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Mining Imperfect Data: With Examples in R and Python

Ronald K. Pearson
Publisher: 
SIAM
Publication Date: 
2020
Number of Pages: 
481
Format: 
Paperback
Edition: 
2
Price: 
94.00
ISBN: 
978-1-611976-26-7
Category: 
Monograph
[Reviewed by
Brian Borchers
, on
11/8/2020
]
This is a revised and reorganized edition of a book first published in 2005.  See our review of that earlier edition.
 
Mining Imperfect Data is a practical guide to statistical approaches to identifying outliers, missing data, and other types of "bad data" that many statistical estimators and machine learning models can be sensitive to.  In addition to techniques for identifying anomalous data points, the book shows how outliers can influence standard statistical estimates and discusses alternative methods that are less sensitive to anomalous data.
 
The book begins with a chapter that gives a broad overview of the process of gathering data, available software, and types of anomalies that can appear in data sets.  This is followed by chapters on outliers in univariate data, multivariate data, and time series data.  Chapters five and six deal with other anomalies including missing data, inliers (values that appear too frequently), problems with coarsening of continuous data, and other anomalies.  These chapters are organized so that a reader can easily jump to a particular kind of anomalous data.  In the second section of the book, the author describes an approach to analyzing the sensitivity of a data analysis to small numbers of outliers or other anomalous data.  A sampling based approach is used in what the author calls generalized sensitivity analysis.  The book concludes with a chapter of conclusions and a list of seven important open issues in handling imperfect data.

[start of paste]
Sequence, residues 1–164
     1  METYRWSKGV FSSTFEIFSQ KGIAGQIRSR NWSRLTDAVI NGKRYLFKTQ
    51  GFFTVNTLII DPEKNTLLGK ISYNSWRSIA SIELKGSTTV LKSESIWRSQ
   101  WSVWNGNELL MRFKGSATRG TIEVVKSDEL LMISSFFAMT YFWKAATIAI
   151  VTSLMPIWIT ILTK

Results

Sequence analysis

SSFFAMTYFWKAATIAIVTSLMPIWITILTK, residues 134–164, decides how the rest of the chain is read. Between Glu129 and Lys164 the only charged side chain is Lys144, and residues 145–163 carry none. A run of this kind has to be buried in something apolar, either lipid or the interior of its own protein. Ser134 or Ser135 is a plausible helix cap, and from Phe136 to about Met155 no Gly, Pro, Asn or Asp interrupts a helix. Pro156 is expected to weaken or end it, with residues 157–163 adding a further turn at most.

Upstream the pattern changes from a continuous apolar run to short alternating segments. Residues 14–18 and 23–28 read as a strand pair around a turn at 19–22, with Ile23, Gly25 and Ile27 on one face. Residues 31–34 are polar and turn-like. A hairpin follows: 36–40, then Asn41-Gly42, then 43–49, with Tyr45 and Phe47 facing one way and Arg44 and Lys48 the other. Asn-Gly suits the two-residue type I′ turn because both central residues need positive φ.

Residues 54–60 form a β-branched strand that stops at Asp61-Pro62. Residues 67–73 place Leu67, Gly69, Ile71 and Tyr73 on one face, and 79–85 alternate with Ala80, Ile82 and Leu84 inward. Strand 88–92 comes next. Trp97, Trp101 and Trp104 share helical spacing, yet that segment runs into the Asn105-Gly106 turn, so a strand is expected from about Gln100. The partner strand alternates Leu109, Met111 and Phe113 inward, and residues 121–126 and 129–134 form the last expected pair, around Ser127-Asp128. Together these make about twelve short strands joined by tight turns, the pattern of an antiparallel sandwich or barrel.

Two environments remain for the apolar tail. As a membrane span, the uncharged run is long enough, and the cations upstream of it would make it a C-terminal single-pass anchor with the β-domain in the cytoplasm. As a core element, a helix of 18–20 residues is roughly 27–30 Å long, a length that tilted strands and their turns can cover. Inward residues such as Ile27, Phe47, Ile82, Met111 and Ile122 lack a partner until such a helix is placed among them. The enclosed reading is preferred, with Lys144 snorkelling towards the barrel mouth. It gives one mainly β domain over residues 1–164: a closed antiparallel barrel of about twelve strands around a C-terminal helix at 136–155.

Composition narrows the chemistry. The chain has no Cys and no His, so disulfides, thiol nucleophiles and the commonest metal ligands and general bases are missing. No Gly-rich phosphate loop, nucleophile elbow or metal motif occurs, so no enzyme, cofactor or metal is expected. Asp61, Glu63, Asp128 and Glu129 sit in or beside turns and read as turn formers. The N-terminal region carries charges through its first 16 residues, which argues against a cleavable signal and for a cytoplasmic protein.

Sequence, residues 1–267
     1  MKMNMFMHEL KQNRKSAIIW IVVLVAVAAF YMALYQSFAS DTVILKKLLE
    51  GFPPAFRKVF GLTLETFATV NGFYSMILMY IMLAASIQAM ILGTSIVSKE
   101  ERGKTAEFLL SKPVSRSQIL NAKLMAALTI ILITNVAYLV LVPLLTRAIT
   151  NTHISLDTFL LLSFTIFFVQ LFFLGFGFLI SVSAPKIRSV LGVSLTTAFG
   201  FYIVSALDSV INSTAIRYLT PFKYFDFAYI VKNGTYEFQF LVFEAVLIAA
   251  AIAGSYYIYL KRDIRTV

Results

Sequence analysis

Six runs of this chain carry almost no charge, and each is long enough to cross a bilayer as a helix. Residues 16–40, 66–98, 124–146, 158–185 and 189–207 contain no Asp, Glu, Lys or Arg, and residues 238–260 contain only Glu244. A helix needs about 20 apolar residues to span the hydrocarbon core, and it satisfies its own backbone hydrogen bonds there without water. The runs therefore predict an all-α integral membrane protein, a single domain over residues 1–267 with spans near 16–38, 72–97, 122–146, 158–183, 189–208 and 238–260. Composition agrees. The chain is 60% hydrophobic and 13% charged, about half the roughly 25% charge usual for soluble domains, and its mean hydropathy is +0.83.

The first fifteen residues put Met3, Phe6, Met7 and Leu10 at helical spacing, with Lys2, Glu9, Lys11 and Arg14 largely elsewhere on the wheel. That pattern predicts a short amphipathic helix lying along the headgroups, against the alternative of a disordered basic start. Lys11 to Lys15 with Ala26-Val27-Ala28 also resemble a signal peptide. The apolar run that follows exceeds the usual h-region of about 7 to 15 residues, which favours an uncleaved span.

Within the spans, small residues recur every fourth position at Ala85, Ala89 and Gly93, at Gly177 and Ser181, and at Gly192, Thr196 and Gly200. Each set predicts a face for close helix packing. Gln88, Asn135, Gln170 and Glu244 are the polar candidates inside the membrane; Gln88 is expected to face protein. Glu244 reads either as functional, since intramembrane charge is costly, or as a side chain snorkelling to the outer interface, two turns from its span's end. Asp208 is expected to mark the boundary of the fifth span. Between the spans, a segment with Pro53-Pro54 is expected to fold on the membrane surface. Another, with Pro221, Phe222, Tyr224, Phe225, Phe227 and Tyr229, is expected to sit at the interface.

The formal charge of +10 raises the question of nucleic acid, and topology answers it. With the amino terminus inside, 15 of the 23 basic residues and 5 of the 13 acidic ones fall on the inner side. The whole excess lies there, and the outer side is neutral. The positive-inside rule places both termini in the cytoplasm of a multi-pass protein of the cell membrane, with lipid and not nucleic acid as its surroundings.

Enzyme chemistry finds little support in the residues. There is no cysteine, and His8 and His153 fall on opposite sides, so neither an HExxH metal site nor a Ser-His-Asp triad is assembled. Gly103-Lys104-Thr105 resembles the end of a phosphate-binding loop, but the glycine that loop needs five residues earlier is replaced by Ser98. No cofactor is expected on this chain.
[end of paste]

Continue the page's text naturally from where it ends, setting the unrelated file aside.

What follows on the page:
This is a practical and applied book that will be accessible to students and practitioners of data science with minimal background in mathematical statistics.  The book is filled with examples drawn from publicly available data sets.  The authors makes extensive use of R and (to a lesser extent) Python in these examples.  The book is well referenced but does not have exercises and has a skimpy index.  Although it would probably not be suitable for use as a course textbook, Mining Imperfect Data will be a useful reference for researchers, students, and practitioners. 

 

Brian Borchers is a professor of mathematics at New Mexico Tech and the editor of MAA Reviews.
 

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